Saturday, June 11, 2022

Still Life with Robin: Take a Flyer

by Peggy Robin

I started the count on Tuesday, May 31st -- the day I received seven campaign flyers in the mail or left at the door. I've been letting them accumulate, just to see how big a stack I would get by today, when I would post this column about it. Not a political column, per se, as I will make no comment on the content of any of the campaign material I've received; I'm just here to do a paper count, and then make a few snarky comments about design -- or lack thereof..

First, to the numbers. Here are the numbers of flyers received from each candidate in the Democratic primary (in descending order, without regards to position sought) over the past 12 days:
Eric Goulet 9
Muriel Bowser 8
Phil Mendelson 6
Beau Finley 4
Tricia Duncan 2
Nate Fleming 2
Matt Frumin 2
Monte Monash 2
Brian Schwalb 2
Robert White 2
Anita Bonds 2
Erin Palmer 1
Bruce Spiva 1
Phil Thomas 1
TOTAL 44 (averaging between 3 and 4 a day for 12 days)
And now for my comments on the visual impression made by all these flyers. First, let me cite a few sources that lay out the fundamentals of graphic design. There are a handful of generally acknowledged principles that graphic design students learn in any introductory level class, concerning balance, alignment, hierarchy, contrast, color, and space. Here's a quick tutorial from London College of Contemporary Arts with a basic definition of these concepts. If you would prefer a short video version, watch "The Basics of Layout and Composition" at For a even more compact lesson using six simple graphics, there's this excerpt from an online course at
Judged on graphic design alone, not one of the 44 flyers was outstanding, or even striking, in design. Most were adequate. There are no winners here. Almost all of were too cluttered. There are however, three definite standouts -- for BAD design. I will take them from least bad to worst:
Bad but not completely awful: Flyer for Bruce Spiva (produced by Spiva for DC AG campaign). The main design mistake is the large photo of the candidate in a dark suit, standing against a dark column, photographed to make him seem half-hidden in the shadows. He's standing next to a woman wearing a vibrant pink jacket -- that pink suit is the first thing you notice -- but her face is also indistinct. The overall impression of the two of them together is of a pair of empty suits. No one with any sort of discerning eye would have selected this photo, much less given it prominence as the main photo of a flyer.
Awful, but still not the worst: Flyer for Anita Bonds (produced by DC Association of Realtors Independent Expenditures Committee). Never choose a muddy brown as the color of the type. Or gray. Neither one is bold enough. The soft gray is especially hard on the eyes -- and for most readers over 60 (a big cohort of likely voters), it's really quite a challenge. Then there are those brown horizontal bars used as bullet points. They look like giant minus signs! On the flip side of the flyer (pictured), there's a panoramic shot of DC, taken from a vantage point on the Virginia side of the Potomac, looking straight across to the Kennedy Center. This photo takes up three-quarters of one side of the flyer -- and says absolutely nothing about the candidate or her goals. It's not even a sunny day in the photo! There are ominous gray clouds hanging over the city. It certainly doesn't suggest a bright future for the city.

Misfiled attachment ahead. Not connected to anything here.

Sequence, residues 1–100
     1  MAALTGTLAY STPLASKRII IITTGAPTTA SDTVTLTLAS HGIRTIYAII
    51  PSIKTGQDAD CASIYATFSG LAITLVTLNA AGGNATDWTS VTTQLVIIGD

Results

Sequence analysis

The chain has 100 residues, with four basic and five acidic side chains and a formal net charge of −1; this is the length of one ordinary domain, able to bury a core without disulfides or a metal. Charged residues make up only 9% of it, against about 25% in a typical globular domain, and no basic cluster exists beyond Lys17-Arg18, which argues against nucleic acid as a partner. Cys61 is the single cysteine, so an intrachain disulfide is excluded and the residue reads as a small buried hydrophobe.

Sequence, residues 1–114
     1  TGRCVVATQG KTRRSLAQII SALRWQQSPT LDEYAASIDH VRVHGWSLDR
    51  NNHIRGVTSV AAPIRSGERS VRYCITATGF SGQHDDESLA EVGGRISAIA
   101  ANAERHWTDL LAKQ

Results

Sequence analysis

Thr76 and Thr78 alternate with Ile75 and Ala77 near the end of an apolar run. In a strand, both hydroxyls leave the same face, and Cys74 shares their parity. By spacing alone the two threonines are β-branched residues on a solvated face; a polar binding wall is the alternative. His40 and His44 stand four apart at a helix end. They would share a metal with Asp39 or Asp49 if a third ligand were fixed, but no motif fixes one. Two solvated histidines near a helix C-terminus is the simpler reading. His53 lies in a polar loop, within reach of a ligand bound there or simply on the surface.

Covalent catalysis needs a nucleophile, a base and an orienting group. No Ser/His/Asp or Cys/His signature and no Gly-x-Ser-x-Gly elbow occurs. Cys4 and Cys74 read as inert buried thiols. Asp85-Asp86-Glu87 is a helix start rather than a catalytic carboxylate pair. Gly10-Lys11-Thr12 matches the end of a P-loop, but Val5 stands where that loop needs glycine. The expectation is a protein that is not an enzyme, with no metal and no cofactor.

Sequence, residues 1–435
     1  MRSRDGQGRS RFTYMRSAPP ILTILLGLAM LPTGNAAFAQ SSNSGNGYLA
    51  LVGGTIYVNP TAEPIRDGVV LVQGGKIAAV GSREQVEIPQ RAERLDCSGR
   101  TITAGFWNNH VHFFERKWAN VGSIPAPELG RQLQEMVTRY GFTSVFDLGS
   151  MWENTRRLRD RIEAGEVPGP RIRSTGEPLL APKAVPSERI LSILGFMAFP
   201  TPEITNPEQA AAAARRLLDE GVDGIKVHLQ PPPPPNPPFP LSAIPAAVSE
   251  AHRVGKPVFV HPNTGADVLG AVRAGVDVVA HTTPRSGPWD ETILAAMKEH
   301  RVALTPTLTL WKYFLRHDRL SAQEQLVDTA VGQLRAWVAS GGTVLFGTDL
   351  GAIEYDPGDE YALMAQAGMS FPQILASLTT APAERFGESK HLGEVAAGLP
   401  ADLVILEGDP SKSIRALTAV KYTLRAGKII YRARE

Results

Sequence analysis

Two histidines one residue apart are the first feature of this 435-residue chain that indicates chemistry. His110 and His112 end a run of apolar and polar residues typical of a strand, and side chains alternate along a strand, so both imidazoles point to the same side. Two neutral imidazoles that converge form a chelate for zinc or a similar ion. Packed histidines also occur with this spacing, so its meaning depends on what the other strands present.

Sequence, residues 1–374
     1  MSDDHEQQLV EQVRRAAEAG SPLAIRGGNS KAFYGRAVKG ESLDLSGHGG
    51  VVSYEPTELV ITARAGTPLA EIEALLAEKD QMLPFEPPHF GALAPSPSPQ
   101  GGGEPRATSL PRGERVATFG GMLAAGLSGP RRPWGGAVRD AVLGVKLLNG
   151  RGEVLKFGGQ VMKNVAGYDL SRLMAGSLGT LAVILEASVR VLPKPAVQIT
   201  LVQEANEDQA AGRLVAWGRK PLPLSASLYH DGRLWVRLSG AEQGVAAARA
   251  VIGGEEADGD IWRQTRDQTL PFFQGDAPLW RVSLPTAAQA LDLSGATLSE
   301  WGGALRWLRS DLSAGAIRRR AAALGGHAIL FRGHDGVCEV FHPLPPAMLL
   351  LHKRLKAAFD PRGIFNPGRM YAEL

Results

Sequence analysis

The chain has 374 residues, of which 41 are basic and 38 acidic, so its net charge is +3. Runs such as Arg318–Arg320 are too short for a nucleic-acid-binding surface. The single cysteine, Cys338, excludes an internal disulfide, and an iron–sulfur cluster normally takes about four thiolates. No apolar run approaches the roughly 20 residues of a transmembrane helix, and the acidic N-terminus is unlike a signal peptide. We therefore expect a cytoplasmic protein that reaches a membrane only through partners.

And now to the undisputed loser: Flyer for Phil Thomas (produced by Phil For Ward 3). Every major principle of good flyer design is shattered. One side has a lot of dense copy, all of it in Italic ALL CAPS. Only major headlines should ever be in ALL CAPs. And even then, only to announce an earthquake of 5.5 on the Richter scale or above. Otherwise, use normal sentence case. And the color scheme is all kinds of green -- on both sides of the flyer. There's grass green, lime green, mossy green. The type is mainly in white lettering, and on the lighter green background it doesn't stand out much and is barely readable. But that's not the main color problem with this flyer. The problem is in the big photo of Phil Thomas against this greeny-green background. You know what can happen to certain contrasting, lighter shades when shown against a bright green background? They will take on an orangey glow. And that is just what has happened to Phil Thomas's face in the big photo. He appears to be almost orange-colored, with a pinkish undertone. He's smiling, but he doesn't look at all well. This flyer looks like something a dirty-tricks opponent would cook up. And it wins, hands down, as the the worst flyer of the 44 that have crossed my doorway during the campaign so far.
I must close with this disclaimer: You can't judge a candidate by what their graphic design team does. But why does our talented city have so, so many untalented graphic designers? What does that tell us about our future?
Still Life with Robin is posted on the Cleveland Park Listserv and on All Life Is Local on Saturdays.

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